One of the mysteries of the English language finally explained.
The highest part of a horse's back, lying at the base of the neck above the shoulders. The height of a horse is measured to the withers.
- ‘A necropsy later revealed he had fractured his spine behind the withers.’
- ‘He was astride a pegasi - a black horse with wings sprouting from its withers - and rode along in silence.’
- ‘Then she began to lightly rub the bareback pad on Thundering Glory's neck, slowly moving to his withers, then down his front leg.’
- ‘As you approach the center of the circle, swing your primary line so that it is behind the horse's withers.’
- ‘He leapt the distance that separated him and the gang's leader, grabbing the horse's withers as the animal reared.’
- ‘El Condor Pasa, age seven, and End Sweep, 11, died in July after respectively suffering intestinal torsion and fractured withers.’
- ‘Horses differ greatly in their oral cavity, and that difference is not proportional to height at the withers.’
- ‘The majority is most likely above the size of 14.2 hands, measured at the withers, qualifying them actually as horses.’
- ‘She was then tossed across a horse's withers and cried out involuntarily as her belly slammed into the horse's back.’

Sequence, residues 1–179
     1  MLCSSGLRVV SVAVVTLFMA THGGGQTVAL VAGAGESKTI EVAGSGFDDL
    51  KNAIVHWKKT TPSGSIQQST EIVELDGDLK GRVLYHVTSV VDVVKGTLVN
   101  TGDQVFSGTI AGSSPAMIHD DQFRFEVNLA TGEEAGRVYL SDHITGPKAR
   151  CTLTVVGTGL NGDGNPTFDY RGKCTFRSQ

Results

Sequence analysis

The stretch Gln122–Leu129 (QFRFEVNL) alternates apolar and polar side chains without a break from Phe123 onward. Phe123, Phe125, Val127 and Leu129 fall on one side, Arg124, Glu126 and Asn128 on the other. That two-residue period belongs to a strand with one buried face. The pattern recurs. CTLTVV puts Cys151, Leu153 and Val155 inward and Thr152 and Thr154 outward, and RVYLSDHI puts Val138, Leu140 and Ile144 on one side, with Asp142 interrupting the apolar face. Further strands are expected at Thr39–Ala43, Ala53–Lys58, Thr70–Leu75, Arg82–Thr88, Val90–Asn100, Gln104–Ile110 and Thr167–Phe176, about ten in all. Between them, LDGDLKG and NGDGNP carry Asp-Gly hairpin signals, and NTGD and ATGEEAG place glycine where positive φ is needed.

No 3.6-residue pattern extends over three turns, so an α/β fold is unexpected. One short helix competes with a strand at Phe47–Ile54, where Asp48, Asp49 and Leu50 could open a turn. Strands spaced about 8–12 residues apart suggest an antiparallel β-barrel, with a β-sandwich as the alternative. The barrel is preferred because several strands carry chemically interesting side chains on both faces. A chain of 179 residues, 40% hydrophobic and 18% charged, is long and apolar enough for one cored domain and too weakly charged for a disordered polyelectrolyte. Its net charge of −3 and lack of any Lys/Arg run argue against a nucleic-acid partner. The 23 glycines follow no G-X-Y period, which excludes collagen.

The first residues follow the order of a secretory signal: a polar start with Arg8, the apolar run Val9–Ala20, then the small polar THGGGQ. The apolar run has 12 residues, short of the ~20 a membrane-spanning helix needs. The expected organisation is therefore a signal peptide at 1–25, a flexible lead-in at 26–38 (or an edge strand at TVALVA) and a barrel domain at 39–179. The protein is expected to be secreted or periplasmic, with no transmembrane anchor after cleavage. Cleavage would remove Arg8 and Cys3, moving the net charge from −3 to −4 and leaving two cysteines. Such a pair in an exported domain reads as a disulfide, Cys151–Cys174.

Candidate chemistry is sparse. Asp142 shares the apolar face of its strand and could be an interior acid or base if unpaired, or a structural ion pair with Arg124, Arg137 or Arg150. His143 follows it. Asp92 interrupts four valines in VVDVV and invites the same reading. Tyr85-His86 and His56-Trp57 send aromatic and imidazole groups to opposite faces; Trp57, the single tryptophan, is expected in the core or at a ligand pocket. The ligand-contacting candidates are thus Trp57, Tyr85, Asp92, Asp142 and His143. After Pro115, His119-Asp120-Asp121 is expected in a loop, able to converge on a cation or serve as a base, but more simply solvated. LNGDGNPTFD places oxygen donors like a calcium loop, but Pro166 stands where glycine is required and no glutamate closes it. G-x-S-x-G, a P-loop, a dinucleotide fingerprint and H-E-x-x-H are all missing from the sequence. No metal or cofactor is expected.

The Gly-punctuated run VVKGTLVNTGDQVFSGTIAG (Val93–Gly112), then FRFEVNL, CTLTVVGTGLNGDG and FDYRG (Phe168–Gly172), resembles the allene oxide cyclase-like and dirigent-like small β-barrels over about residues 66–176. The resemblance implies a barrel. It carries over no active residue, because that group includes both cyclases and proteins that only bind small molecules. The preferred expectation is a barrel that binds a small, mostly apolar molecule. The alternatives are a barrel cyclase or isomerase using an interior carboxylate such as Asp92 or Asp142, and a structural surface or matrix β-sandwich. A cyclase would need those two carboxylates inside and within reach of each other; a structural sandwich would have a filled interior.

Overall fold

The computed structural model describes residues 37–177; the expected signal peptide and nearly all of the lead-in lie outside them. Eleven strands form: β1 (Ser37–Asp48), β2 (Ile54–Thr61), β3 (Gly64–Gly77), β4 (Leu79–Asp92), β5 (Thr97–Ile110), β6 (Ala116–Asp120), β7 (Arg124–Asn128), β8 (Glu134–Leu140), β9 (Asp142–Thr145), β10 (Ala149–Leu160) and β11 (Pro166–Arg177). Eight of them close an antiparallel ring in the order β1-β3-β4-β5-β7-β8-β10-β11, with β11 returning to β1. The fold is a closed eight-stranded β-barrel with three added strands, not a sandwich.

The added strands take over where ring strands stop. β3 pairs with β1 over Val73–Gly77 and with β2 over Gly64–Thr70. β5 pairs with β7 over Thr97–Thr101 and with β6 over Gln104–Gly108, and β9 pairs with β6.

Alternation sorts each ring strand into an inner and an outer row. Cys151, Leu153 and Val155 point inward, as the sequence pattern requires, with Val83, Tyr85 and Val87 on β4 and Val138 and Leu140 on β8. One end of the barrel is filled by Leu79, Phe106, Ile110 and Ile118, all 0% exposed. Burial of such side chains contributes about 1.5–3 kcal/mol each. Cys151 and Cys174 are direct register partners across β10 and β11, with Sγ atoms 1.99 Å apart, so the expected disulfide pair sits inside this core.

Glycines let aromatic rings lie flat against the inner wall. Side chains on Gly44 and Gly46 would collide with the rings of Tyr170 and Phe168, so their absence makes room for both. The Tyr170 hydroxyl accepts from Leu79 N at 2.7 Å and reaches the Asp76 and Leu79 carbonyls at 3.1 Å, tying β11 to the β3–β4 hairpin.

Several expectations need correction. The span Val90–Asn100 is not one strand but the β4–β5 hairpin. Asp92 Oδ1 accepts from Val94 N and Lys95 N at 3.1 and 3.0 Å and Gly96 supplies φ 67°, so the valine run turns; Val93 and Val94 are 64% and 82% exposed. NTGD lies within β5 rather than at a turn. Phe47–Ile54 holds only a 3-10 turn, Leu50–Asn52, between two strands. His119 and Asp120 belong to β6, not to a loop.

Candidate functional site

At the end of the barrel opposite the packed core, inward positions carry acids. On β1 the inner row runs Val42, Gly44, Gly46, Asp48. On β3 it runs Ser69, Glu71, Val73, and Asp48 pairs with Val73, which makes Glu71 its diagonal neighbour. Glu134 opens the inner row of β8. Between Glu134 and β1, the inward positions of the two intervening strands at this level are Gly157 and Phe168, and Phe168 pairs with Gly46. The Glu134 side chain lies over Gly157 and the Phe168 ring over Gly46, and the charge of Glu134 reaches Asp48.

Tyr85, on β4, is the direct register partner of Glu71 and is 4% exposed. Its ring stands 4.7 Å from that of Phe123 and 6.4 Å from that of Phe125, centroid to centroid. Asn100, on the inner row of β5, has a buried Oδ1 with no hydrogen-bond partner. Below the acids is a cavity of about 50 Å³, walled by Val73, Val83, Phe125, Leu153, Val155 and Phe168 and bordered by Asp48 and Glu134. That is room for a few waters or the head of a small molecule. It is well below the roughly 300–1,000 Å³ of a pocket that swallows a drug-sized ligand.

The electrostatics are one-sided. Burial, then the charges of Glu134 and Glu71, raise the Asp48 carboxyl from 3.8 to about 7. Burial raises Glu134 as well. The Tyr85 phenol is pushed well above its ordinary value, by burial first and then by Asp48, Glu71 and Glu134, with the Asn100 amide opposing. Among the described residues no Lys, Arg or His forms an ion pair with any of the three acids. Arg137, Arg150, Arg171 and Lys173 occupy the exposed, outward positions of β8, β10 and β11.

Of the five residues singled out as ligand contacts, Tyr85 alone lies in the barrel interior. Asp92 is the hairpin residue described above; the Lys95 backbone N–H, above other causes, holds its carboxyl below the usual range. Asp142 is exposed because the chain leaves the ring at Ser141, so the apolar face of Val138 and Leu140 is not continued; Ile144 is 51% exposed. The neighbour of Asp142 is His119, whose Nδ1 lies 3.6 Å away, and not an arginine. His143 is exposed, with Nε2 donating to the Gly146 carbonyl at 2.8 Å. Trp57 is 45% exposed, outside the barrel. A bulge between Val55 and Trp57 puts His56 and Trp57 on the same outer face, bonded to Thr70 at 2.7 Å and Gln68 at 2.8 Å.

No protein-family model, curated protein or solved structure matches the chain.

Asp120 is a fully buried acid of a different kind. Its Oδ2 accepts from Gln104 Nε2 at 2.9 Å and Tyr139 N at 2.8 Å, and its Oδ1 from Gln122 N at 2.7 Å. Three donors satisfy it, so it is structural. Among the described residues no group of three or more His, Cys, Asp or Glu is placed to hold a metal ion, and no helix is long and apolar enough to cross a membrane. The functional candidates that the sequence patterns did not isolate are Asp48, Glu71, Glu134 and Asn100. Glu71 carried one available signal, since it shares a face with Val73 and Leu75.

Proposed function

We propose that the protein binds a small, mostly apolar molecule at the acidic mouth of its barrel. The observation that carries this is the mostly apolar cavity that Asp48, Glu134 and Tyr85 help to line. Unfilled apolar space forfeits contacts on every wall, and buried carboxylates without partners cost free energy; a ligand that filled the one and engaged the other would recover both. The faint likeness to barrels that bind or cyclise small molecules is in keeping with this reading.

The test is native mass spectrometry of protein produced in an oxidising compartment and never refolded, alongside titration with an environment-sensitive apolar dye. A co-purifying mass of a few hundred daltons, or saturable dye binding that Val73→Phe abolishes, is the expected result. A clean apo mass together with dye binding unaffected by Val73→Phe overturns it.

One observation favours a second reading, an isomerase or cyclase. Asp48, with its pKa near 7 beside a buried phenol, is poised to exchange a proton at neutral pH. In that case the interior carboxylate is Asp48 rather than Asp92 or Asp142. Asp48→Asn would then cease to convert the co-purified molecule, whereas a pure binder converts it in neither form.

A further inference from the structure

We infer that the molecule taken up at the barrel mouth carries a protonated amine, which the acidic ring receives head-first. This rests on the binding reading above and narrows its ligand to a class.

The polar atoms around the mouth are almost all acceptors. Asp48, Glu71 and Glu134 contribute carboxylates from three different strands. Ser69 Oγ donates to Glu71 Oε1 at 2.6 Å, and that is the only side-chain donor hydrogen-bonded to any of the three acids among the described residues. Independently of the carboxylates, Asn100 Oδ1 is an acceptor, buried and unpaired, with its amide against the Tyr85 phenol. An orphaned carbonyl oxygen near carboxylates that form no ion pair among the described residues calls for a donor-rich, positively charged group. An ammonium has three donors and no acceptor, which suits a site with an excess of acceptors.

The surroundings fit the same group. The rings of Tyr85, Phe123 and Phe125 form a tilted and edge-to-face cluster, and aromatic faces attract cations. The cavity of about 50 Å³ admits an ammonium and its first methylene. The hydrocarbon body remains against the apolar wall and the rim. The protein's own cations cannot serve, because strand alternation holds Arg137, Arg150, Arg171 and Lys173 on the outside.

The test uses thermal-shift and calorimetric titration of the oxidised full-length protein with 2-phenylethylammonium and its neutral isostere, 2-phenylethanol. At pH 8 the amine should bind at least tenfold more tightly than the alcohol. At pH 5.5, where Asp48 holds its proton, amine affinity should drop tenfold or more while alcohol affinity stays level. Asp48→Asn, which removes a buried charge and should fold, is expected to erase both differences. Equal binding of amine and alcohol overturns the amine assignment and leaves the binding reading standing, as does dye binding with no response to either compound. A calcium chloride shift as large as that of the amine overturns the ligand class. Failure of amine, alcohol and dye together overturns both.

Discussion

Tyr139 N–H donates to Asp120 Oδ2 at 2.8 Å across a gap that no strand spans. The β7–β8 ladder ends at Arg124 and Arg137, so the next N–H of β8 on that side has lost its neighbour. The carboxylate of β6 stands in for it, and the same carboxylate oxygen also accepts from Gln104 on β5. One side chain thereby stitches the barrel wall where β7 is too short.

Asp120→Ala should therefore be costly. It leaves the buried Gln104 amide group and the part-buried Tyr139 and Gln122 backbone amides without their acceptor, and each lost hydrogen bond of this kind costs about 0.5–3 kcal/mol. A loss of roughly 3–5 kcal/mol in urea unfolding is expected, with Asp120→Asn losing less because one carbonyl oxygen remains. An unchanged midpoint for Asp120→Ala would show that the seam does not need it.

- ‘Females stand, on average, 23 to 25 inches at the withers (shoulders).’
- ‘He stood behind a huge black stallion and looked over the horse's withers.’
- ‘Depending on the horse's comfort level, I might want to start on the shoulder and move up to the withers.’
- ‘He has very strange withers and no saddle fits him right.’
- ‘The hands of an intermediate rider move only about six to eight inches in front of the horse's withers in a short crest release.’
- ‘I start at the top of his neck (side without his mane showing) and move down his withers and along his back.’
- ‘He spun it around with his tongue as she threw the saddle high up on his withers, pulling it back so none of his hairs were in the wrong direction.’
- ‘Horses are measured from the bottom of the hoof to the withers, or the shoulders.’
- ‘Expertly he ran a soothing hand up the gelding's broad face and caressed one ear, tweaking it familiarly before running his hand down the horse's neck from the poll to the withers, then back up to the head again.’
- ‘If you stand alongside the shoulder of a horse that wants to fight with you and grab a chunk of mane right at his withers, you can stay alongside him quietly while he backs up, spins, or goes up in front and he can't hurt you.’
- ‘His slender build, and even more slender hunger lines, made him look taller than he really was: just a head taller than his horse's withers.’
Early 16th century: apparently a reduced form of widersome, from obsolete wither- ‘against, contrary’ (as the part that resists the strain of the collar) + a second element of obscure origin.
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